U of T hosts Prime Minister Trudeau, Ukrainian president for global conference

World leaders, diplomats and other officials gathered at the University of Toronto in July as the university hosted the ministerial meeting at an international summit on the future of Ukraine.

A succession of delegations arrived at Simcoe Hall on the downtown Toronto campus, representing over 30 countries at the U of T-hosted portion of the three-day Ukraine Reform Conference. It was the third annual meeting to set the agenda for reform in Ukraine after conferences in London and Copenhagen. 

U of T President Meric Gertler greeted the dignitaries, which included recently elected Ukrainian President Volodymyr Zelenskyy, Prime Minister Justin Trudeau and Foreign Affairs Minister Chrystia Freeland, who is of Ukrainian descent and delivered part of her opening remarks in Convocation Hall in Ukrainian.

President Gertler said it was an honour for U of T to host the high-profile meeting.

“It is a great privilege to welcome world leaders and to facilitate their discussion of the challenges and opportunities facing not only Ukraine, but the whole world,” he said.

“The University of Toronto strives to foster an international outlook among all members of our community, and to serve as a convenor of global conversations on the most important issues of our time. U of T, therefore, is an ideal setting for this event, which is devoted to democratic ideals and universal concerns.”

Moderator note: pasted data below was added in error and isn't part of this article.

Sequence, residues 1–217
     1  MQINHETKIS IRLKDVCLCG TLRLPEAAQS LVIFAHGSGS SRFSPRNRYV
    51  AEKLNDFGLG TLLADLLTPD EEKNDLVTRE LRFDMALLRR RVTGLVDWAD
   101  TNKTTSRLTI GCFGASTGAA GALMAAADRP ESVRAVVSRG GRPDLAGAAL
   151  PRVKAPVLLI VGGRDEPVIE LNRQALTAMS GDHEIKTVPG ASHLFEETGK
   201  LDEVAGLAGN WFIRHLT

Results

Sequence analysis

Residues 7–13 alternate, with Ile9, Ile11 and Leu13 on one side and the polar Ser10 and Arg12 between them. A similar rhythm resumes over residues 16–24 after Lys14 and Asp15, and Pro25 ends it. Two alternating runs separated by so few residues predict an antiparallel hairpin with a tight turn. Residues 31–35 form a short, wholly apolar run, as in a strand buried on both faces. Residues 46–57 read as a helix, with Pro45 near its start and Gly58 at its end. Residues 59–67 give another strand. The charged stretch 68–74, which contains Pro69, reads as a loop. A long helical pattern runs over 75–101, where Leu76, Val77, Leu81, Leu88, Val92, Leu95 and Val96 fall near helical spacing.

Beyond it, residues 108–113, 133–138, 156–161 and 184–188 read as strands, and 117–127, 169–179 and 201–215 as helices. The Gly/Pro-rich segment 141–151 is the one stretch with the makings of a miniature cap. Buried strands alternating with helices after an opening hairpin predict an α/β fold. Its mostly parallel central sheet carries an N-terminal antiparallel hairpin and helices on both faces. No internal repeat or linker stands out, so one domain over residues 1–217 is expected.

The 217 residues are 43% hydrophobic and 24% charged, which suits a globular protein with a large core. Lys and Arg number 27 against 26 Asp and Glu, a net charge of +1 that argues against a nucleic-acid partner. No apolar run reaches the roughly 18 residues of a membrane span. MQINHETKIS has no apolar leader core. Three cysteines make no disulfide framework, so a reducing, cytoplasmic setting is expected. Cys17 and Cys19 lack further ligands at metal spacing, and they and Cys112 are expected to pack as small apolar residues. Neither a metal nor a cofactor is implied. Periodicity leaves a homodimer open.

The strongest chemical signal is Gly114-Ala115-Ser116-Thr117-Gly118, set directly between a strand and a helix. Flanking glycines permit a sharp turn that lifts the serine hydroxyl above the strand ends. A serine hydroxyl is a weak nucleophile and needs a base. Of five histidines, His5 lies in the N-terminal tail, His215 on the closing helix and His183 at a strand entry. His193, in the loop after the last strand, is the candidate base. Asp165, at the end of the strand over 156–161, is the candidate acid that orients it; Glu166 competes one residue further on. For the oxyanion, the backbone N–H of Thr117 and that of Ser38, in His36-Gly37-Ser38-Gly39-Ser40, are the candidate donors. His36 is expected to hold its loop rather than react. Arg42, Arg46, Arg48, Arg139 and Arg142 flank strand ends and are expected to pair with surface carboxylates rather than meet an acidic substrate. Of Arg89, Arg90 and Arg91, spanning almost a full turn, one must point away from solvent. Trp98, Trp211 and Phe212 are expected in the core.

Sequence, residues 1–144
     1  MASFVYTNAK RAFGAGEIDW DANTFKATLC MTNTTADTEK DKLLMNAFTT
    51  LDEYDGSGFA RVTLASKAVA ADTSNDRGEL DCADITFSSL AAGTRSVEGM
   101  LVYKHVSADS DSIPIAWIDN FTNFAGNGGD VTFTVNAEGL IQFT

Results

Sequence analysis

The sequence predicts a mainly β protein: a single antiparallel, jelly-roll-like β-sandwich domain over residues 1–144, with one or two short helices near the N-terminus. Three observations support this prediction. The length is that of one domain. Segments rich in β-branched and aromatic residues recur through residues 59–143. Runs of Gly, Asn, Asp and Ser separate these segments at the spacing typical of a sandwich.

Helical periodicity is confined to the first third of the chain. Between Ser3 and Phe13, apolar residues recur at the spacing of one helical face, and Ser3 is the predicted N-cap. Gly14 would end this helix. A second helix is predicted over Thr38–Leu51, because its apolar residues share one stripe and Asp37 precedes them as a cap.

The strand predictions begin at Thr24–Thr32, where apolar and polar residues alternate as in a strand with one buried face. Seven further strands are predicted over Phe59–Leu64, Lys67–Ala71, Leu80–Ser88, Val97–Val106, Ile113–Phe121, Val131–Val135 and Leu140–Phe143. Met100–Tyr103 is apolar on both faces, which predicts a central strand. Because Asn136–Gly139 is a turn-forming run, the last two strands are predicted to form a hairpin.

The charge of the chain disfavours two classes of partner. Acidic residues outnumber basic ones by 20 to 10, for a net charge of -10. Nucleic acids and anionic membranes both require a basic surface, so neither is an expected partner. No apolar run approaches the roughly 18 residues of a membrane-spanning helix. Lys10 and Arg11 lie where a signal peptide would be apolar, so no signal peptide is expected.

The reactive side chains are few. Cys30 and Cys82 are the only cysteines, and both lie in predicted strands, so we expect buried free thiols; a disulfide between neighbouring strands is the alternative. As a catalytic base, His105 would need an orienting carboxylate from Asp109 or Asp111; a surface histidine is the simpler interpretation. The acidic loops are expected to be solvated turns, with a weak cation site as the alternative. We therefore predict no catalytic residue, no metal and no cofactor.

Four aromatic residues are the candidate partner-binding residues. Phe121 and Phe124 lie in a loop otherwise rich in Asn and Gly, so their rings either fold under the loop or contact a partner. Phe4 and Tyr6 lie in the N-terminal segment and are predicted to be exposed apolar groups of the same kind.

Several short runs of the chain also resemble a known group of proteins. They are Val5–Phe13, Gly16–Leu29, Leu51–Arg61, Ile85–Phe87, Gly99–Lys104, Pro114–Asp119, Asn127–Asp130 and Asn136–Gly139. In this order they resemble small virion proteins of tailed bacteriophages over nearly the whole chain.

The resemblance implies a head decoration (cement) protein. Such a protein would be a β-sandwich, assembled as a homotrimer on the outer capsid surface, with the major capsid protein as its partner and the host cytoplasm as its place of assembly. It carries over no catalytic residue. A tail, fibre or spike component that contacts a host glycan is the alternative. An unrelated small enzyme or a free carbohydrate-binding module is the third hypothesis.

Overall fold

Freeland, for her part, lauded U of T for hosting global summits like the G7 Foreign Ministers’ meeting last year and this year’s Ukraine Reform Conference. 

“Universities occupy an essential space in our society by promoting research, innovation and debate,” she said. “The University of Toronto is a premier international institution of higher learning that connects Canada to the world – and vice versa.

“I am continuously struck by the energy and ambition of students at U of T. They rightly see themselves as global citizens and have bold ideas for how Canada can play a constructive role in the world today.”

Aurel Braun, a professor of international relations and political science at U of T Mississauga, who specializes in the challenges of transformation of socialist systems in the former Soviet bloc, says one of Ukraine’s top priorities going forward will be to address corruption.

“Ukraine is a potentially wealthy country,” he said. “It has tremendous human talent, including scientific talent. It has vast natural resources – and yet it is desperately poor, and corruption has been one of the key elements.”

He added that the location of the conference is fitting both because Canada is home to 1.3 million Ukrainians and because U of T has a “glorious tradition” in Slavic studies.

“We were among the first universities to develop a major centre for Russian and east European studies,” he said.

By Geoffrey Vendeville